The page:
This little gem of a bakery is tucked into a residential area about a block back from the behemoth Punto Sao Paolo dining/hotel/shopping complex on Av. Americas.

      MMLBT sells delicious ‘pan masa madre’, seeded loaves, baguettes, fresh chocolate chip cookies, flaky croissants, and more. They also serve espresso and maintain a tiny seating area out front overlooking a tranquil, tree-lined stretch of Calle Ottawa. Like Karmele, it can get pretty jammed on weekends, so be prepared to jockey for space.

      At the moment things are also a bit disheveled as MMLBT converts the garage next door into additional bakery space. Ambiance is lacking as construction work is ongoing, but don’t let that deter you. The fresh-baked breads here are phenomenal — and the chocolate chip cookies are some of the best we’ve tasted in Mexico. We’re excited for additional baking (and seating) capacity sometime soon.

       

      Lope de Ó – Providencia, Av Ruben Dario 1543

      Located on a busy block across from Silvano Barba Park in Providencia, this tiny, almost closet-sized bakery has room for about two guests at a time, and no seating.

      Lope de O

      Though low on space there’s a nice selection of pan masa madre, baguettes, mini-ciabattas, croutons, cookies, and a few pastries made fresh daily. The baguettes here are decent, but for my money the mini-ciabatta is the way to go. A delicious salty, chewy concoction– it’s the perfect sponge for soaking up good olive oil. I have yet to taste their focaccia, so I’ll definitely be going back.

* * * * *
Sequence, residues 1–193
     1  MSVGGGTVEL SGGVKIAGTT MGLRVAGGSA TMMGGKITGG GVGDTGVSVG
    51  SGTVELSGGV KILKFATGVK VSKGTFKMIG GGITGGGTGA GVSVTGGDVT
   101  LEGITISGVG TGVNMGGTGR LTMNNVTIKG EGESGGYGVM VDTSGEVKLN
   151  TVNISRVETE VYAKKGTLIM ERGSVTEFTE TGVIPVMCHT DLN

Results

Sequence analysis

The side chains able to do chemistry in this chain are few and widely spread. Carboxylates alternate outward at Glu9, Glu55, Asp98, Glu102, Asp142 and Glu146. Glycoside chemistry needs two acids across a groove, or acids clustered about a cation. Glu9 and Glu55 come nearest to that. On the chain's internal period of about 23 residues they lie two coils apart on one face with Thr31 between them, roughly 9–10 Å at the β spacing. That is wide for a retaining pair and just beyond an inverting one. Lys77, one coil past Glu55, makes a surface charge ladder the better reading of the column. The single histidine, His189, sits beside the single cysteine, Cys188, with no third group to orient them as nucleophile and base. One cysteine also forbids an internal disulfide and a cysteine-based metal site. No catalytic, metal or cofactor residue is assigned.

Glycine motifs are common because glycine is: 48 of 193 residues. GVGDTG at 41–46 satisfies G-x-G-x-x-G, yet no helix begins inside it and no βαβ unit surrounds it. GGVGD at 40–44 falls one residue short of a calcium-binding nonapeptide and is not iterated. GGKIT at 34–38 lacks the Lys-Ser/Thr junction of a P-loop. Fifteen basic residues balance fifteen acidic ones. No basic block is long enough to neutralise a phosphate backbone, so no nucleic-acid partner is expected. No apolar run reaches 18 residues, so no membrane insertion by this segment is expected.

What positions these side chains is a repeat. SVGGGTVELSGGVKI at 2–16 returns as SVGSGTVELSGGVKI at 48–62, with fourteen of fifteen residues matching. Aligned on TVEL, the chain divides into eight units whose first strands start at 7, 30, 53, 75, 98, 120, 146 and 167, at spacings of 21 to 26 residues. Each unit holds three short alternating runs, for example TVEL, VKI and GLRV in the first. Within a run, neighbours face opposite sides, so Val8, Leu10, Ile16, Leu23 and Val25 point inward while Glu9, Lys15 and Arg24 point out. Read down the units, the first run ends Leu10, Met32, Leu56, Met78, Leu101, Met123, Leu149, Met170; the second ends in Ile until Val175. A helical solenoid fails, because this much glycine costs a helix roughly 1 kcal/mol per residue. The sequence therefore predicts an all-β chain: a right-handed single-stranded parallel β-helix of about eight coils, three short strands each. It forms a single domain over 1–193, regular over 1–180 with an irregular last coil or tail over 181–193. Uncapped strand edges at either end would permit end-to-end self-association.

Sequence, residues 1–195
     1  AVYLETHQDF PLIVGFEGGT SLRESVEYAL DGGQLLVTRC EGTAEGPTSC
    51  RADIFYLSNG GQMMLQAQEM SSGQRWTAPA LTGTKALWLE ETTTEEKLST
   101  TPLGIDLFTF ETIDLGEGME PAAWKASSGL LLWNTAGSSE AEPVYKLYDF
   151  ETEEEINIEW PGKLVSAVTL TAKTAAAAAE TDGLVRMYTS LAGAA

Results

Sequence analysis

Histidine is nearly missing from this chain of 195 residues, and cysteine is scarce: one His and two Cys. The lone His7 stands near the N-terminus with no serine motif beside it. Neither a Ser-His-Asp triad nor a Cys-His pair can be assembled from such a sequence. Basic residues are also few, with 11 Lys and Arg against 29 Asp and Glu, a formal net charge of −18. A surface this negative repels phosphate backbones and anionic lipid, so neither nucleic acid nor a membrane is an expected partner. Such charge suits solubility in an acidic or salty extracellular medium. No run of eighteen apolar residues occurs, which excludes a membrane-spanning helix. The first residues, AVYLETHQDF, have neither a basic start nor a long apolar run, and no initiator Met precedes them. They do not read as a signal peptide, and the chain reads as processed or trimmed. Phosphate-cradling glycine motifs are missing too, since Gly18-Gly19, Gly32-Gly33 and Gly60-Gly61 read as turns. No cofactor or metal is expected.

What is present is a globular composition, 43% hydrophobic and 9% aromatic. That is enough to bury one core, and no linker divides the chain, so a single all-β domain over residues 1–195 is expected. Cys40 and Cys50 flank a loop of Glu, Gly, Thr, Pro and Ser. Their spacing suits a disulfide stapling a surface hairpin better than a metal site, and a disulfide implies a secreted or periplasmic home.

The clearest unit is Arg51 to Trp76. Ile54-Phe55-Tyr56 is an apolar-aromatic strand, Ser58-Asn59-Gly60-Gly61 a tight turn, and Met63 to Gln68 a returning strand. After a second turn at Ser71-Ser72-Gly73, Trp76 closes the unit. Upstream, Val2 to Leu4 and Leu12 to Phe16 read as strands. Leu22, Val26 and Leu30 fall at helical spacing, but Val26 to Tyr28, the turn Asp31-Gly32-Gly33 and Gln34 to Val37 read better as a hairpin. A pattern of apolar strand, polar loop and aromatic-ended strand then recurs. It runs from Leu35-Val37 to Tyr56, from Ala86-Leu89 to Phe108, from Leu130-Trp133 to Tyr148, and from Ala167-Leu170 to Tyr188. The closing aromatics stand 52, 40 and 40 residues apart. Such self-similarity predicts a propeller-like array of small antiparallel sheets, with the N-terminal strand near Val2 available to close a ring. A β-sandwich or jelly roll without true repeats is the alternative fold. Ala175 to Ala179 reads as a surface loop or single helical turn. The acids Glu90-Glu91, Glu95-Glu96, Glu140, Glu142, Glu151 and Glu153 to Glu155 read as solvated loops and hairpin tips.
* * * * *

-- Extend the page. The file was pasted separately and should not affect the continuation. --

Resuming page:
Closing at 7 pm on weeknights, Lope de Ó stays open later than most independent bakeries in Guadalajara. Given its limited capacity, I recommend visiting early in the day for the best selection.

       

      Pangea Sabores Místicos  – Estancia, Av. Ludwig Van Beethoven 5550

      Another tiny bakery not far from Parque Metropolitano in Colonia Estancia in Zapopan is Pangea Sabores Místicos. Though a bit out of the way, its high ratings had me curious enough to make a detour and check it out. The shop is no bigger than a walk-in closet, with shelves of bread and pastries on three sides and a small counter in the back. A covered patio with three tables welcomes patrons out front.

      Pangea bakery

      Upon entering I’m struck by yeasty aromas comingled with burnt sugar. The shelves are filled with plain croissants, pain du chocolate, and assorted pastries with almonds, black fruits, and brown butter toppings, along with baskets of baguettes, and fresh baked pan integral (wheat) near the back counter.